Matthew is an associate editor of The American Journal of Managed Care® (AJMC®). He has been working on AJMC® since 2019 after receiving his Bachelor's degree at Rutgers University–New Brunswick in journalism and economics.
The EPA proposal to limit science used in rulemaking was discussed by panel members during a hearing held today by the House Committee on Science, Space, and Technology, with patient confidentiality serving as a major issue.
This week's EPA proposal to limit science used in rulemaking was discussed by panel members during a hearing held by the House Committee on Science, Space, and Technology, with patient confidentiality serving as a major issue.
A draft of the EPA proposal, titled “Strengthening Transparency in Regulatory Science,” would require scientists to disclose all of their raw data, including confidential medical records, before the agency could consider the conclusions derived from the academic study. EPA officials have explained their intentions behind the rule as a step toward transparency and said the disclosure of raw data would allow conclusions to be verified independently.
As The New York Times reports, the measure would make it increasingly difficult to enact new clean air and water rules as many studies detailing the links between pollution and disease rely heavily on personal health information gathered under confidentiality agreements. Paul Billings, senior vice president for advocacy at the American Lung Association, explained that “this means the EPA can justify rolling back rules or failing to update rules based on the best information to protect public health and the environment, which means more dirty air and more premature deaths."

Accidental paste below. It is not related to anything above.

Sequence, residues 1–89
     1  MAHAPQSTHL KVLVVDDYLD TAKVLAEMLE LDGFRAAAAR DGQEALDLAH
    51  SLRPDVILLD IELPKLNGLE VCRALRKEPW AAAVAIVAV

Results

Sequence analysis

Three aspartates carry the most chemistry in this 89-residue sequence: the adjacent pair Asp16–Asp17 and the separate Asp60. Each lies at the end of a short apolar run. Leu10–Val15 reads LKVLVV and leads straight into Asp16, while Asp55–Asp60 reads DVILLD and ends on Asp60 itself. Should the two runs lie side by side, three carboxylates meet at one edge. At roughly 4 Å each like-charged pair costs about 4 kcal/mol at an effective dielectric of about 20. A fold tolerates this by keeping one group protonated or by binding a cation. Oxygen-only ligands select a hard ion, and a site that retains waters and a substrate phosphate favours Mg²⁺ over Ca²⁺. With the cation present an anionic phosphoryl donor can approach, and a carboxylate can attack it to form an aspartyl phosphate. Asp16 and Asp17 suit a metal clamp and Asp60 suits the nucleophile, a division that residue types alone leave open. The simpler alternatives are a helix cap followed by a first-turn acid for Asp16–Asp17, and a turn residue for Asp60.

One major study that discovered the link between polluted air and premature deaths, the 1993 Harvard University Six Cities study, would subsequently be discounted for consideration under the rule proposal as scientists signed confidentiality agreements to track the private medical and occupational histories of more than 22,000 people in the 6 cities.
Today, the House Committee on Science, Space, and Technology held a hearing titled “Strengthening Transparency or Silencing Science? The Future of Science in EPA Rulemaking” in which panel members discussed the issues correlated to the proposal.
Panelist Todd Sherer, MD, CEO of The Michael J. Fox Foundation for Parkinson Research, spoke extensively to how the rule change would heighten the risk of exposure for patients who want to participate in clinical studies, especially those recently diagnosed as symptoms for Parkinson disease are known to develop slowly, which allows patients to continue working and remain leaders in their communities.
“They have every right to keep their diagnosis private and still participate in research, but the EPA’s proposed rule puts these individuals at great risk of having their Parkinson diagnosis exposed. Such exposure could result in unfair job loss, lowballing into a loss of income, insurance, and other life-altering consequences. It is vital that we protect patients’ right to privacy,” said Sherer.
The move would give EPA Administrator Andrew Wheeler, MBA, expansive authority over which studies to accept or reject. Michael Halpern, deputy director for the Center for Science and Democracy at the Union of Concerned Scientists, strongly opposed the proposal stating, “this is a wholesale politicization of the process,” while additionally adding, “it was hard to imagine that they could have made this worse, but they did,” said Halpern.
Currently, there is no requirement from academics to turn over private data when submitting studies for peer review by other specialists in the field or for publication in scientific journals. If this would become required, a federal estimate details that the EPA would have to spend hundreds of millions of dollars to redact private information during public review.
The proposal allows the public 30 days to offer comments on the changes to the EPA plan, with agency officials hoping to finalize the measure in 2020.
“Some of the data collection may have started decades ago and you can’t really go back in time to re-consent and re-set up the rules about that data. So, I think 1 of the concerns is you’d still want to be able to use that data if you’re changing the rules going forward on what is required with sharing. You can’t go back 30 years when you started collecting the data,” said Sherer.